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Professor Bob Genter retires after 32 years

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Professor Bob Genter retires after 32 years

Delightfully devoted to diatoms

Delightfully devoted to diatoms

Adriana Eldred

Delightfully devoted to diatoms

Adriana Eldred

Adriana Eldred

Delightfully devoted to diatoms

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After 32 years, Northern Vermont University’s environmental science professor and resident diatom devotee, Dr. Robert Genter, retired following the fall semester. And although he will no longer be teaching, he doesn’t plan on resting on his proverbial laurels when it comes to science.

“I want to get back to the reason I went to graduate school– to be a scientist and do the actual work,” said Genter. “I want to focus on research. on heavy metal toxicity to microorganisms in particular. There are abandoned copper mines in Vermont, and at least two of them are Superfund sites on the national priorities list. One of them has been remediated or cleaned up a little bit and the other one hasn’t. So, I’m looking at the kinds of organisms that live in the contaminated rivers compared to those in the natural uncontaminated rivers.”

If Genter has his way, he will continue much of his research on campus in the artificial stream lab he built on the third floor of Bentley inside the greenhouse. It is there that he conducts controlled experiments, which he wants to apply to the situation with the state’s copper mine water contamination and then publish his research.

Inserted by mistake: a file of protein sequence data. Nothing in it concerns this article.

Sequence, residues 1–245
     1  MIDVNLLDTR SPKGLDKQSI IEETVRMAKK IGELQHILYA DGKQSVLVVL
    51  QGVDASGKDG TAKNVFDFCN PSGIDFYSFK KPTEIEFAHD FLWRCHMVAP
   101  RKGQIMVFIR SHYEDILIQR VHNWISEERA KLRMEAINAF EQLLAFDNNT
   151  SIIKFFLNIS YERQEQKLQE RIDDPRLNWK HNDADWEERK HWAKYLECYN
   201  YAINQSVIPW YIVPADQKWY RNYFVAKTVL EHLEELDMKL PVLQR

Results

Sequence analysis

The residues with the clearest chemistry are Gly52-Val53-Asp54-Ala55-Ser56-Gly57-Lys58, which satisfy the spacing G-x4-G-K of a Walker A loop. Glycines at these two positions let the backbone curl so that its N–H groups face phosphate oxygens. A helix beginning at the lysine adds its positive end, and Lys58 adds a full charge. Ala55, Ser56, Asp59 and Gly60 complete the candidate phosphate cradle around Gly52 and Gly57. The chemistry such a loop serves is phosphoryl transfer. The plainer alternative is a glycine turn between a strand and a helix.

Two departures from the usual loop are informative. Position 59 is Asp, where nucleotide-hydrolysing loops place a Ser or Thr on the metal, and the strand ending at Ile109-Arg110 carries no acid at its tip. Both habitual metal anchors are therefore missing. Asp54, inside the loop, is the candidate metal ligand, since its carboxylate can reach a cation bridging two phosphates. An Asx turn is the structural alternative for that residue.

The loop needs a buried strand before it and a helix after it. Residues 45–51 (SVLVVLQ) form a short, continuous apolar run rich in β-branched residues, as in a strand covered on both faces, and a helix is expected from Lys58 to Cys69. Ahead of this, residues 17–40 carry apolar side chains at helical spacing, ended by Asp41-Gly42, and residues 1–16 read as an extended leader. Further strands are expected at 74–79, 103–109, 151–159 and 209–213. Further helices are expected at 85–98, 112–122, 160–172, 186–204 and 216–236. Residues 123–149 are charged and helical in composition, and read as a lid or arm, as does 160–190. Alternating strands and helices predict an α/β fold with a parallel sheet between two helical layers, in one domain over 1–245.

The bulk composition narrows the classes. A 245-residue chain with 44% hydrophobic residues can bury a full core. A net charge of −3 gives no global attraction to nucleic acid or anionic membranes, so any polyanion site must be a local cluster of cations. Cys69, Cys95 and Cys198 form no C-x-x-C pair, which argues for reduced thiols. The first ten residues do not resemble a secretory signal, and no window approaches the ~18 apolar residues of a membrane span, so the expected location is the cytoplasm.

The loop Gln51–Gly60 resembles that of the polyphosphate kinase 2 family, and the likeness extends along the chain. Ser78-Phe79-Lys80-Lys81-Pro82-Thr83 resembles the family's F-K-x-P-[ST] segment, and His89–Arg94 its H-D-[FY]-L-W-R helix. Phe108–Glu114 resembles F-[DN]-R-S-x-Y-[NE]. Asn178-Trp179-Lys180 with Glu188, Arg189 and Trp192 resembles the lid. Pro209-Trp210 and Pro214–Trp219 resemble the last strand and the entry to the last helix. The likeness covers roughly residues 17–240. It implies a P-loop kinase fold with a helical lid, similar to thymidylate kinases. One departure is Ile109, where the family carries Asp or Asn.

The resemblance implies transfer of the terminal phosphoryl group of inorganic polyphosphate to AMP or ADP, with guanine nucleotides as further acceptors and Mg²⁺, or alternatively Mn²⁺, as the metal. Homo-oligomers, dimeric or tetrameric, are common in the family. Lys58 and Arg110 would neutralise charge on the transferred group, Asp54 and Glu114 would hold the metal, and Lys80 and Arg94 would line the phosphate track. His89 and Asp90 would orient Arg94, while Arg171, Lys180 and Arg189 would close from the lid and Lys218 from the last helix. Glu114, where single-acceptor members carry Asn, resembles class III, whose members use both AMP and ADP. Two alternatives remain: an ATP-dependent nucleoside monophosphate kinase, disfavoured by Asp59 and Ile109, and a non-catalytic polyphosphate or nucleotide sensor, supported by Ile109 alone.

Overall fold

A consummate man of science, his obsession with his field even permeates his hobbies. “I love to brew beer, so I’m really looking forward to that. I brew enough for myself now, but I always had to squeeze it into very small windows. So, now I’ll be able to have more time for it.”

NVU student Lindsey Levoy has worked in the artificial stream lab alongside Genter during his final semester. “He is always excited to make progress with the streams and is good at explaining everything, so I can understand,” she said. “He is awesome to work with and is always willing to answer my millions of questions. There have been times where I’m in the lab on a weekend and something goes wrong, as soon as I call Bob he comes in to save the day.”